Hey there, time traveller!
This article was published 9/5/2013 (1304 days ago), so information in it may no longer be current.
I am often asked to recommend a vaccination schedule for a client’s horse.
At first blush, that would seem to be an easy question to answer, but it really depends on a number of factors in order ensure that the horse will be adequately protected from the diseases it will most commonly be exposed to during the course of its seasonal activity.
To begin the conversation, we need to consider the types of diseases that a horse may be exposed to and the types of vaccines that are available.
The most common diseases that horses are exposed to are: respiratory diseases such as strangles, equine herpes virus type 1,4 (aka rhinopneuminitis) and equine influenza; mosquito-borne diseases such as West Nile virus, Eastern equine encephalitis and Western Equine encephalitis; and clostridial diseases such as tetanus and botulism.
Strangles is a bacterial respiratory infection common in young horses and equine herpes/equine influenza are both viral respiratory infections that affect both younger and older horses.
Mosquito-borne diseases will affect horses of all ages, as will the clostridial diseases.
Exposure to the various diseases depends somewhat on the degree of travel and herd density around the horse to be vaccinated.
Horses that are predominantly backyard pets, do not travel off-farm and have no or minimal new herdmates introduced will have a low degree of risk for respiratory bacteria/virus-related diseases, but will remain at risk for mosquito-borne and clostridial diseases.
By contrast, a performance horse travelling to shows/competitions and living in a herd/stable of horses with constant movement on and off a farm will be at risk for respiratory viruses/bacterial infections much like a child at daycare.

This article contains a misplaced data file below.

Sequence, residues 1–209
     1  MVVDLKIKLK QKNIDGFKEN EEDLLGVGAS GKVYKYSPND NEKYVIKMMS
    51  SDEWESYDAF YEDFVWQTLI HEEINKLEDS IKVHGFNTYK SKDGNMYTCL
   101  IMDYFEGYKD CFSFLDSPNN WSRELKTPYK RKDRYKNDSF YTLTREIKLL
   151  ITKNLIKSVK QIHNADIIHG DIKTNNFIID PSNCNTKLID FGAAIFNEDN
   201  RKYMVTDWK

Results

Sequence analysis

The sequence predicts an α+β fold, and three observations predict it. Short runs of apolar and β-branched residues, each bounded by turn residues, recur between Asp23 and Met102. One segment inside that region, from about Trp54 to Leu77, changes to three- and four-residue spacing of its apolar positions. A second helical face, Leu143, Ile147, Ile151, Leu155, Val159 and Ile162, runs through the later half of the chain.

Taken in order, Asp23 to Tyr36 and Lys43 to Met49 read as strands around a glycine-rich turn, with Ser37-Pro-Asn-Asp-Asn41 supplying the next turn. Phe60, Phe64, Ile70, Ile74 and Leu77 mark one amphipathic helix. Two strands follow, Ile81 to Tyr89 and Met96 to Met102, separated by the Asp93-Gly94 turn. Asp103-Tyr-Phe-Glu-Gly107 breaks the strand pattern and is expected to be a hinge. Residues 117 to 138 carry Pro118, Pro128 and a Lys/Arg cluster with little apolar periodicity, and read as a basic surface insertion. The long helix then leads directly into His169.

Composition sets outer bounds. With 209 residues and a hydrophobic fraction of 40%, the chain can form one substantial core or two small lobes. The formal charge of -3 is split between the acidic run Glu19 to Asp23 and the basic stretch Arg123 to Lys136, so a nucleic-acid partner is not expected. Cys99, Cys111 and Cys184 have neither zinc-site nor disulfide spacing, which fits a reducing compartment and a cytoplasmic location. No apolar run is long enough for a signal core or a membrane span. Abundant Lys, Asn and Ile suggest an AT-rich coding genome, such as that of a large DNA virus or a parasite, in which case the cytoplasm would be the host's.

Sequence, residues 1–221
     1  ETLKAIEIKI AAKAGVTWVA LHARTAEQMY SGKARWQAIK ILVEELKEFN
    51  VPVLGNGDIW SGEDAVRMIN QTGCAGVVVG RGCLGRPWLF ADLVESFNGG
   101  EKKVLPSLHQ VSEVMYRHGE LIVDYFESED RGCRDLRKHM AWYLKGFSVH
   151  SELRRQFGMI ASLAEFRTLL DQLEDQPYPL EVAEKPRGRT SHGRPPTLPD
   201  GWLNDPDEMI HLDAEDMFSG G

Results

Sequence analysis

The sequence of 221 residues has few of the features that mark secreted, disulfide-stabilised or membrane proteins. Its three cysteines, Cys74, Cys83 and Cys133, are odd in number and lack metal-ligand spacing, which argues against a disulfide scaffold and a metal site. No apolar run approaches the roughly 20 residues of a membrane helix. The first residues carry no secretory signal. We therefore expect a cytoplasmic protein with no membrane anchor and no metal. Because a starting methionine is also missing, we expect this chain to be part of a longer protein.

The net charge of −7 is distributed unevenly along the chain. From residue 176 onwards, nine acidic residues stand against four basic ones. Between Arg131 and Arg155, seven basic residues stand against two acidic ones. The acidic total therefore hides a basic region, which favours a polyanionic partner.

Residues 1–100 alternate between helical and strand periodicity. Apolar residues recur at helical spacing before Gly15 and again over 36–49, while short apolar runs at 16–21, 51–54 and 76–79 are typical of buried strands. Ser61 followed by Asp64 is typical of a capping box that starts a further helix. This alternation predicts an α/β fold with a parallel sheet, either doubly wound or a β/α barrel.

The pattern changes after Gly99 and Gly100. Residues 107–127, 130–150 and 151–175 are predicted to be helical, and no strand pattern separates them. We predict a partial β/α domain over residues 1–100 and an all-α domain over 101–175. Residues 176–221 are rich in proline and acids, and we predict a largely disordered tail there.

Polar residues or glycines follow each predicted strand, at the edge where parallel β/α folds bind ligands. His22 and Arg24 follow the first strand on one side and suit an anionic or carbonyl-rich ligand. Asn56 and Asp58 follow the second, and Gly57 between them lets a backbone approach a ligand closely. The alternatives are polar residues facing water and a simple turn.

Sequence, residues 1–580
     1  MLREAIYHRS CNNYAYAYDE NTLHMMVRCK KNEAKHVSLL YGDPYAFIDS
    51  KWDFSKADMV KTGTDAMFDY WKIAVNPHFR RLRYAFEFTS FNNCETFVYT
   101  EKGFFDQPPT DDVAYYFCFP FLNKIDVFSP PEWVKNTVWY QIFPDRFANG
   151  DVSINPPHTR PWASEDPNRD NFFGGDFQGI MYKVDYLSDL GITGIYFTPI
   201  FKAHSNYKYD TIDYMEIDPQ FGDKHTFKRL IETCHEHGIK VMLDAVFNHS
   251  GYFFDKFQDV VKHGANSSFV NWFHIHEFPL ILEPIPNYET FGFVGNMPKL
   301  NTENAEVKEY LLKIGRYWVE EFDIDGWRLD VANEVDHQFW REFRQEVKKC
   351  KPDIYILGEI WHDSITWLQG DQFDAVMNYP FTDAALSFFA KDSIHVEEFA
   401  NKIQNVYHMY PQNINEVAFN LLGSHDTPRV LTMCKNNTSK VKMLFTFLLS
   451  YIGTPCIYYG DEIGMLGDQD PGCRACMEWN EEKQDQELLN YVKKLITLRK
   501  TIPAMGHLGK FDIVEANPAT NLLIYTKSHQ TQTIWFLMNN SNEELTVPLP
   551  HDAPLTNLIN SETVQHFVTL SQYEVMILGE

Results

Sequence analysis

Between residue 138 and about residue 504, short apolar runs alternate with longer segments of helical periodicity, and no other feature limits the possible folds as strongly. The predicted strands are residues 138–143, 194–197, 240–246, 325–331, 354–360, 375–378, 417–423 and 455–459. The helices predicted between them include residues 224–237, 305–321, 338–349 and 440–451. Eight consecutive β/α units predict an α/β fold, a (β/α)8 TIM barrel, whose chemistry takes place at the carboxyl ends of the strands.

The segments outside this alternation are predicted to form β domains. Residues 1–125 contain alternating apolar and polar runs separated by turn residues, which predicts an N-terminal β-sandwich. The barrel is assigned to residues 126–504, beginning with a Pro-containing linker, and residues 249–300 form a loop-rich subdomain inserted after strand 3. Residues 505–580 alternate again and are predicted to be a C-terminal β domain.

There are several diseases for which the veterinary pharmaceutical industry has developed efficacious vaccines.
The more common vaccines administered are combinations and are colloquially referred to as either 3-way (tetanus, Eastern and Western encephalitis), 4-way (3-way + West Nile virus) or 6-way (4-way + equine Herpes Virus 1,4 and Equine Influenza).
The strangles vaccine is commonly given separately and alone from other vaccinations. The vaccines can generally be broken up into single diseases as needed.
Vaccination is an important step in preventing disease and illness from spreading through the horse community and ensuring that your horses do not become laid up for part of the prime summer riding season. If you have questions about what vaccinations are most appropriate for your horse or horses, talk to your veterinarian for more information.
Chris Bell is an equine veterinarian and surgical specialist who operates Elders Equine Veterinary Service, with clinics in Cartier and Winnipeg. See www.eldersequineclinic.com